In 'Time is a Mother,' poet Ocean Vuong reflects on life, and time, without his mom

Penguin Random House
Penguin Random House

“Time is a Mother,” Ocean Vuong's latest poetry collection, can be read holistically as a paradox, zen koan, or the poetic equivalent of a Möbius strip.

Time, normally associated with death and erasure, embodied in the image of the Greek god Kronos devouring his young, is transformed by the poet into a mother with endlessly regenerative power.

Vuong's mother, Lê Kim Hồng — her name means rose or pink in Vietnamese — passed away at age 51 from breast cancer in November 2019, a few months before the pandemic smote a large segment of the world's population. “Time is a Mother,” with its 28 poems recalling the 28 lunar mansions in Asian astronomy, illustrates the poet's efforts to reconcile inexorable fate with aesthetic transformation, eternal absence with continuous presence:

"I can never take out
the rose it blooms back as my own
pink mouth"
(From "Dear Rose")

Time, mother, language are all connected — and, at times, paradoxical concepts. Vuong defines language as cultural memory embedded in his mother's body, a foundational capsule — like Noah's Ark — that steers him toward the future. The art of distilling fish sauce from rotten anchovies that he learns from Hồng is analogous to crafting poetry from traumatic, visceral experience. Vuong is thus receptive to latent possibilities in his refugee past, as he asks in "Not Even": "What if it wasn't the crash that made us, but the debris?" And defining his creative process as being fully in the moment, as if "every word was forgotten as soon as the hand / moved /across the page away," Vuong meditates on language's ability to "rewind" as a way to amend loss and reimagine the world in the poem "Dear T."

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At the same time, he is painfully aware of language's shortcomings — it cannot undo his mother's death, or other deaths that he has had to endure in close succession. His alter-ego in "Künstlerroman" — despite the magical ability to reverse time through language, cannot resurrect his companions when revisiting the scene of a crash that killed them. Similarly, the suicide of Vuong's uncle — which he writes about in "Beautiful Short Loser" — represents a failure of communication, when language becomes a caged bird and not a transformative "word in the mouth" that can direct the man toward a different destiny. The inescapable nature of death versus human's exigent need to mediate rupture is a recurring dialogue in Vuong's poetry. The last dinosaur in his eponymous poem articulates the impossible question:

"O human, I'm not mad at you for winning
but that you never wished for more. Emperor
of language, why didn't you master No
without forgetting Yes?"

And yet, even if the last dinosaur perished, it lives on in Vuong's poem by recalling the briefly gorgeous present of its long annihilated past, "I bet you never guessed / that my ass was once a small-town / wonder." Similarly, in "Dear Sara," Vuong deftly illustrates kṣaṇa — the Buddhist concept of an all-encompassing moment — by connecting "black ants crossing a white desert" (his 7-year-old cousin Sara's definition of writing), to stone tablets, fossils, and greeting words on an electronic device where he "waves" to Sara at 2:34 a.m.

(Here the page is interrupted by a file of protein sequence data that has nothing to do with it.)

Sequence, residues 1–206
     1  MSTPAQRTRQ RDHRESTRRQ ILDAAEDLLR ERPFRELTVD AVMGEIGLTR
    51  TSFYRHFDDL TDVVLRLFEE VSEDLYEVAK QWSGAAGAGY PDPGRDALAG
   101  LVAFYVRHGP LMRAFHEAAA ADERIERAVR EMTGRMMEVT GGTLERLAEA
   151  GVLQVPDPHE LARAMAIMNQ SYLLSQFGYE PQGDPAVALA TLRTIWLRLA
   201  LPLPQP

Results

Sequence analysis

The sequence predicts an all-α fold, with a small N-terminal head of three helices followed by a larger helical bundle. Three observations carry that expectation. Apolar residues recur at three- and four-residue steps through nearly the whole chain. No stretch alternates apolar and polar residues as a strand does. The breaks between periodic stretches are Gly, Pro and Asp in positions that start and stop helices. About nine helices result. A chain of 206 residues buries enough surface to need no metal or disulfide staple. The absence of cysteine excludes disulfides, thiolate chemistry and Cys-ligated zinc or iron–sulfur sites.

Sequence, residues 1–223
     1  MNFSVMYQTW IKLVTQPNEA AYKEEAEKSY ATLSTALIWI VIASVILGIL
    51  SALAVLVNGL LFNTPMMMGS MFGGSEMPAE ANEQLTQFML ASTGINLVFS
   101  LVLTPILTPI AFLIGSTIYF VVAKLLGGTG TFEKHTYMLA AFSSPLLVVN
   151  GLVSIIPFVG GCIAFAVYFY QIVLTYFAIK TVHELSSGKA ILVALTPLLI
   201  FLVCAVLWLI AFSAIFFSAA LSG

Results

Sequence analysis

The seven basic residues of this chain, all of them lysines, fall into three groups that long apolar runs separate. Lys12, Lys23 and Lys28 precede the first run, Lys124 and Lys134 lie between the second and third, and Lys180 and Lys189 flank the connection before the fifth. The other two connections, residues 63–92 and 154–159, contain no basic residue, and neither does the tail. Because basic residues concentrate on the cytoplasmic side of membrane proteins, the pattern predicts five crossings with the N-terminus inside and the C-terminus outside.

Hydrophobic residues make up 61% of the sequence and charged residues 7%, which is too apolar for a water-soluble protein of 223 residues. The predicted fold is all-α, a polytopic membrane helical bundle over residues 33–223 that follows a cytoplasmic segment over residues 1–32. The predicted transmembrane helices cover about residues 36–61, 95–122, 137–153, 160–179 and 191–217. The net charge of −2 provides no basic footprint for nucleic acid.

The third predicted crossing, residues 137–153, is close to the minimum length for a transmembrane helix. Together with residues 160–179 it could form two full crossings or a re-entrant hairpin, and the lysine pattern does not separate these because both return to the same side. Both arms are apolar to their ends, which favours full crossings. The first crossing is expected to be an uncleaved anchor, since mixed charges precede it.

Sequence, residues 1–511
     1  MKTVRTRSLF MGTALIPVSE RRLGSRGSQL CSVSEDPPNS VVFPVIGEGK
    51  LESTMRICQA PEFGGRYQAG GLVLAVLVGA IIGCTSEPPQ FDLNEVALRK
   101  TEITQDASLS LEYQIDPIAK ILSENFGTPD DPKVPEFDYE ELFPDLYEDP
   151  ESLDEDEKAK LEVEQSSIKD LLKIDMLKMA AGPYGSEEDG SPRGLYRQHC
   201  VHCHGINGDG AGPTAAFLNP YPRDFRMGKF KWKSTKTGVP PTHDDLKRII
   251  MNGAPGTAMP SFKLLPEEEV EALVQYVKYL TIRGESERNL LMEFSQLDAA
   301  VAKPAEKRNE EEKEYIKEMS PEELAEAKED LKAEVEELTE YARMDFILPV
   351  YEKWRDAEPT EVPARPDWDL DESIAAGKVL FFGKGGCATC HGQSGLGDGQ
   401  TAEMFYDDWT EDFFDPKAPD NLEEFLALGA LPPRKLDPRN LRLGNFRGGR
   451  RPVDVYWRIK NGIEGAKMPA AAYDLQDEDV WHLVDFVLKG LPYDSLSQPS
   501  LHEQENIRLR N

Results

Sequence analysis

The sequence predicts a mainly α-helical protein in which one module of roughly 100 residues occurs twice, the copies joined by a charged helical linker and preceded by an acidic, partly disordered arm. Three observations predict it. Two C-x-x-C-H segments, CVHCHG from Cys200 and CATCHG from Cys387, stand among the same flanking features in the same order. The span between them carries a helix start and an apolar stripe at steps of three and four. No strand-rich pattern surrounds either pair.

"Amazon History of a Former Nail Salon Worker" is another illustration of moment/presence, where we experience both Hồng's vitality and gradual extinction by reading a list of her Amazon purchases over a 20-month period, going from "Midsummer's Night" Yankee Candle, "Chemo-Glam cotton scarf, sunrise pink," a Snoopy birthday card for her son, to the finality of an "Eternity" urn.

Absence, framed by language, is also a paradoxical concept. Grief, in concentrating on specific memories, often seems to enhance the deceased's presence. In "The Punctum," Vuong extends this idea of presence — or conscious remembrance — to bodies that have been systematically erased by violence and prejudice. To acknowledge their unjust deaths is to affirm our intrinsic connection to their pain, since "history had proven the skull lodged in the gravedigger's hands is often the one behind your face." Similarly, Vuong dedicates "Toy Boat" to Tamir Rice — a 12-year-old black boy killed by the Cleveland police in 2014 for carrying a toy gun — juxtaposing the victim's death to Vuong's boyhood loss of innocence. The plastic toy boat in the poem echoes the yellow sailboats on the poet's blanket in "Tell Me Something Good," its fragility both contrasting and converging with 16-year-old Rimbaud's unresolved emotions in "The Drunken Boat" — on language's inability to transcend borders.

Aesthetically complex yet emotionally accessible, “Time is a Mother” at once innovates and affirms the existing poetic tradition, bringing to mind John Ashbery's Paradoxes and Oxymorons. Vuong's portrait of Hồng is both intimate and iconic, evoking Rilke's "irreplaceable, perfect rose" — "a supple spoken word / framed by the text of things." By addressing Hồng in "Dear Rose," Vuong also reaches out to us who, in reading his work, become his mother, the poem, and his community through space and time:

"... Pink Rose Hồng Mom

are you reading this dear

reader are you my mom yet

I cannot find her without you ..."

Thúy Đinh is a freelance critic and literary translator. Her work can be found at She tweets @ThuyTBDinh

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